Victoria: I was 20 when the band started. I play drums and I started doing that when I was around 8 or 9. I started taking lessons with this jazz drummer and have been playing on and off since then. Potty Mouth is actually my second band, my first one was another punk band called Chemical Peel that I started with two friends from home in South Carolina. We actually went on a few tours with Potty Mouth so I would end up doing double duty on the drums and that was always really fun.
IC: Who are your biggest musical influences?
Abby: Veruca Salt and Juliana Hatfield are two of my biggest inspirations. When we first started the band, Green Day was like my favorite band ever. The first song I ever learned was “Basket Case“ and after that I just realized how simple it is to write a song.
IC: You do most of the songwriting?
Abby: Yes, I’ll just start with writing a verse, chorus, or riff on guitar and some basic lyrics and melody and then Victoria and Ally write their parts based off of that.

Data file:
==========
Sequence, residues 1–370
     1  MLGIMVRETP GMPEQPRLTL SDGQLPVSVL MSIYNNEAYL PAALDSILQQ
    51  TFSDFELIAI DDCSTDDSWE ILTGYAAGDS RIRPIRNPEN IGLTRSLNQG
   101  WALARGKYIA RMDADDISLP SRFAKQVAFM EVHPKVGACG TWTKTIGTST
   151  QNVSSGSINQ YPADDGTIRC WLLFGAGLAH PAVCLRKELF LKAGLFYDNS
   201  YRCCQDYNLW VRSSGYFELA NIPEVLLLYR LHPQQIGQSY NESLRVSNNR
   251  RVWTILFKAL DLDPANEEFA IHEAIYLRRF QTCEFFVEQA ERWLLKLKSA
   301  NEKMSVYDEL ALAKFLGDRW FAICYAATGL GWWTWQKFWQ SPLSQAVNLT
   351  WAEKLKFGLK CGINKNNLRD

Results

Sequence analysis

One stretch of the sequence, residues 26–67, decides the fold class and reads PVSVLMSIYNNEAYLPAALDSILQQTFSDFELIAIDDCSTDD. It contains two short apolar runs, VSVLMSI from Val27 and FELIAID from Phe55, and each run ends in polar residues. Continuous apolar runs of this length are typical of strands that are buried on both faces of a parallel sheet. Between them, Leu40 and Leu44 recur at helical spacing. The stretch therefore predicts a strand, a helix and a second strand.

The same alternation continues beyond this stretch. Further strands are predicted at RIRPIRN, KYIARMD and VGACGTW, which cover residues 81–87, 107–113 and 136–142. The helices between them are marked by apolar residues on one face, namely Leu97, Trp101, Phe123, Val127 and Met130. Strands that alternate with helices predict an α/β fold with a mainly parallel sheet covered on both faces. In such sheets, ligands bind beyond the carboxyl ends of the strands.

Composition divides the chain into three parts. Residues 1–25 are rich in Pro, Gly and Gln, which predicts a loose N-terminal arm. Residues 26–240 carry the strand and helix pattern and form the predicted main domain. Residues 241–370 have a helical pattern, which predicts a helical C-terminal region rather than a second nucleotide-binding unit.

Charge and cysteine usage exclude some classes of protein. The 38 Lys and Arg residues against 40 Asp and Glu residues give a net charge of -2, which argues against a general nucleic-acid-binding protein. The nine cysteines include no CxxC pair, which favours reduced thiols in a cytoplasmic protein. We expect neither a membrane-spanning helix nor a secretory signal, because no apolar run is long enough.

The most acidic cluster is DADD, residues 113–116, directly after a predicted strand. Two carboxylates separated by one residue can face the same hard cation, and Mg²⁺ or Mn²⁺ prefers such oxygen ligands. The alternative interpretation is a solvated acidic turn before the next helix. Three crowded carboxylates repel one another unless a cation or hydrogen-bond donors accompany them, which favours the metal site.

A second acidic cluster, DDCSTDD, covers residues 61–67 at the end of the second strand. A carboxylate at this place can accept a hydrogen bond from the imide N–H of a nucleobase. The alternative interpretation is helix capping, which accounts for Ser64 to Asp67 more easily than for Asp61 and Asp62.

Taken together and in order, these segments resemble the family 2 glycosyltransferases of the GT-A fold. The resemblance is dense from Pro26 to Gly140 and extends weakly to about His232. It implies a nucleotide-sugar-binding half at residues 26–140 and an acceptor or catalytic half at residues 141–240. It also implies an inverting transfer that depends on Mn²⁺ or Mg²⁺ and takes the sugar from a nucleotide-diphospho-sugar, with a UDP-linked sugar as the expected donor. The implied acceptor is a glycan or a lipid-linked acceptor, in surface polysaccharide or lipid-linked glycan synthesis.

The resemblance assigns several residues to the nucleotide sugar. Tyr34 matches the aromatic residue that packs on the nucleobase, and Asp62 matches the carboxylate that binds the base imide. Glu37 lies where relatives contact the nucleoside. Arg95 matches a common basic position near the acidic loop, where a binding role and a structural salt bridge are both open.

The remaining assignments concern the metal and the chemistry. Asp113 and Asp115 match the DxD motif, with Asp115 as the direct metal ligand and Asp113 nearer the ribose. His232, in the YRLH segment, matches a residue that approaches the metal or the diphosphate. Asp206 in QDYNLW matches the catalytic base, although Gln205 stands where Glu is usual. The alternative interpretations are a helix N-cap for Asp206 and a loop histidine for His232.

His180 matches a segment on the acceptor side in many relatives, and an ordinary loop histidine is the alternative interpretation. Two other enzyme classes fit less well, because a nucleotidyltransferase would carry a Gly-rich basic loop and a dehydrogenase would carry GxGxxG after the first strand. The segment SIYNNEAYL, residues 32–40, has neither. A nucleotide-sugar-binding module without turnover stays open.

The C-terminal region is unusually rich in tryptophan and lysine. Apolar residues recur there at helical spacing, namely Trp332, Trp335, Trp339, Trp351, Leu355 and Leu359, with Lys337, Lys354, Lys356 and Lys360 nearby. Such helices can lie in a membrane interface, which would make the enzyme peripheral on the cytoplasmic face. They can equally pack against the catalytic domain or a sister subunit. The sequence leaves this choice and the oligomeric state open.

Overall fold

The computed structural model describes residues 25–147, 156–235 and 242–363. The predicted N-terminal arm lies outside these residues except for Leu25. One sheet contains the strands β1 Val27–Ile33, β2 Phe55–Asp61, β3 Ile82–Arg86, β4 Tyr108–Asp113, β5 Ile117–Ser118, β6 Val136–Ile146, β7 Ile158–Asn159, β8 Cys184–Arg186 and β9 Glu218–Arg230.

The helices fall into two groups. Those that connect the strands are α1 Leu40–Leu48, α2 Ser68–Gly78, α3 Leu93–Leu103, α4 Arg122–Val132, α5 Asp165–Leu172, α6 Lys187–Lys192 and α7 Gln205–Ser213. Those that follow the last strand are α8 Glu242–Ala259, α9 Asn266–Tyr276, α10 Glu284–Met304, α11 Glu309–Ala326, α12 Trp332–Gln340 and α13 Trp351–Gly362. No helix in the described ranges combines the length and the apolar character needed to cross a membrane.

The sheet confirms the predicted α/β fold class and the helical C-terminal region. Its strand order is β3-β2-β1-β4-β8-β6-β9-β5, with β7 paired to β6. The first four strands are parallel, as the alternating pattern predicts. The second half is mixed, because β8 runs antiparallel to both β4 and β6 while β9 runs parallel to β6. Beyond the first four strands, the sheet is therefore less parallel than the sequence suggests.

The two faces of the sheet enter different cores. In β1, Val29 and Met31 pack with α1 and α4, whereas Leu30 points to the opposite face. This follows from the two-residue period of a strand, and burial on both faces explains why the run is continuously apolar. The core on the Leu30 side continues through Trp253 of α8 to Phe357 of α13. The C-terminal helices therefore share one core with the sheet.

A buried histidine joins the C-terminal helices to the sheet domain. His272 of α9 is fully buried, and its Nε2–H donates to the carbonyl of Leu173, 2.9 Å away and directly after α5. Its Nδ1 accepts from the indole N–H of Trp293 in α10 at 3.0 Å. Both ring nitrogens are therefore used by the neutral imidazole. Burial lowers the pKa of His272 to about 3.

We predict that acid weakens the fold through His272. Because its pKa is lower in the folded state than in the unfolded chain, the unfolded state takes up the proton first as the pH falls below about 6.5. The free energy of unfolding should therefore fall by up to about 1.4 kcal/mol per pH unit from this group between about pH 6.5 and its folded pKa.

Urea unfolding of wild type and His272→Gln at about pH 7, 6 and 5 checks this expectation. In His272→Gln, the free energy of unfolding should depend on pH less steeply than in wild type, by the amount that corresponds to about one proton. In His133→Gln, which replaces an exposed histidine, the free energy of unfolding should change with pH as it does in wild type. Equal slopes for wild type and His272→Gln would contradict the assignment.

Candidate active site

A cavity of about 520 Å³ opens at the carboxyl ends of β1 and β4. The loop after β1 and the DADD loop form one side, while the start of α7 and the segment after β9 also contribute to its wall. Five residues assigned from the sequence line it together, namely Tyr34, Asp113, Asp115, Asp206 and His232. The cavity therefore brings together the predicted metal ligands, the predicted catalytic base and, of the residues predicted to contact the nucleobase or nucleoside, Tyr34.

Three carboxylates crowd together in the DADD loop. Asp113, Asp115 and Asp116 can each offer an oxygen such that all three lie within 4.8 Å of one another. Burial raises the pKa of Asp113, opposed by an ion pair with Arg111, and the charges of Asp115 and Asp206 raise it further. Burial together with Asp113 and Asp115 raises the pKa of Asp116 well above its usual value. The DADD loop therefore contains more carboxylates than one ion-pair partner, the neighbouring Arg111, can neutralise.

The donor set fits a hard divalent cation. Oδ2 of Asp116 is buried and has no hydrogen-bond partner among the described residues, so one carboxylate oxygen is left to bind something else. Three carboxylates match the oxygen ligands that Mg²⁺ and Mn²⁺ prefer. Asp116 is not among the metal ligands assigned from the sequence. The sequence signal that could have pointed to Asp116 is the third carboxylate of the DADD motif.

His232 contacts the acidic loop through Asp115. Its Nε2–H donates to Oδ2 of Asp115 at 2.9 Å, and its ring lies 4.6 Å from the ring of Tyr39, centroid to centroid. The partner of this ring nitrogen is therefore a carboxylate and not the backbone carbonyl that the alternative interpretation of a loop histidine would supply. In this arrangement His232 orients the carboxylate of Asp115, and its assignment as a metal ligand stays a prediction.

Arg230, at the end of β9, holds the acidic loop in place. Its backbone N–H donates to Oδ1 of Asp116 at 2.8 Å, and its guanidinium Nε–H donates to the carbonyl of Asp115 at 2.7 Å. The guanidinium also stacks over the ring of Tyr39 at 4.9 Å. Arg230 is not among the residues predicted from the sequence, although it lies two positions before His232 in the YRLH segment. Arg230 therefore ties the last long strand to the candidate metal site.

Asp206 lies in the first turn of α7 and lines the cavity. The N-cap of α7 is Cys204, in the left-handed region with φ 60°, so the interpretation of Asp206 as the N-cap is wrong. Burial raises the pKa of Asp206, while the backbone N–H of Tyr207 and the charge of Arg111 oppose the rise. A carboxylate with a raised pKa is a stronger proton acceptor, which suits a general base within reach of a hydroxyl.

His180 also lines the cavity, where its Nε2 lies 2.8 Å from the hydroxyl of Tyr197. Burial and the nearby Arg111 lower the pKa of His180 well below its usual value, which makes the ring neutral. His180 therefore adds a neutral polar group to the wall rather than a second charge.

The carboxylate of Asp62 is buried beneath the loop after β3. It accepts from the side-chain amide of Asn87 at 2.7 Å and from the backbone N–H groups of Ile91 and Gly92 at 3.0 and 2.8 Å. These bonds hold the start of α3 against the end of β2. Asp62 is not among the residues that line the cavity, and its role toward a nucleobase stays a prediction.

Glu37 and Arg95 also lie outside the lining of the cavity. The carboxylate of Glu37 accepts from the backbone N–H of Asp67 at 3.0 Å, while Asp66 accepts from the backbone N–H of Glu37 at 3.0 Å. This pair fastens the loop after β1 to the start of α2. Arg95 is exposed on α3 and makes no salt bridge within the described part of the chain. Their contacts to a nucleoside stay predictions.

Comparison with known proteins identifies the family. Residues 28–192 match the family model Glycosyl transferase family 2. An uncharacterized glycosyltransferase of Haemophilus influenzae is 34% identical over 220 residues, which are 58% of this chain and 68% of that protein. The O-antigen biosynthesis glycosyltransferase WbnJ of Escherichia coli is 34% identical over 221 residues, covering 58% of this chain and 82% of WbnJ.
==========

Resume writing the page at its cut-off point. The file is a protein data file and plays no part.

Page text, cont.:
IC: But you do most of the lyrics?
IC: Victoria or Ally, do you have any influences you want to mention?
Ally: I always say that I am influenced by Kim Gordon not because of Sonic Youth‘s music but because she is an example of a woman who didn’t start playing bass until her later twenties. That’s really cool because she went on to become such an icon in rock music and she made music her career. She still doesn’t completely identify as a musician and that’s something I can really identify with. It felt weird, I never really expected this to be my life, so when I read her memoir Girl In A Band I just felt so many parallels between her experience and how I feel.
Victoria: Smashing Pumpkins and Nirvana have two of the best rock drummers out there in my opinion. I like Dave Grohl because he plays really heavy but he doesn’t over play, he keeps its simple. I think its always good to have that kind of restraint in a band.
IC: What song that you’ve released so far do you feel resonates with you the most?
Abby: I would say “Cherry Picking” just because that song is the most stand-out song that we have released in our career so far. It really shows how much we’ve learned about songwriting and how comfortable we are with our instruments compared to when we first started playing.
IC: What has your biggest challenge been as a band?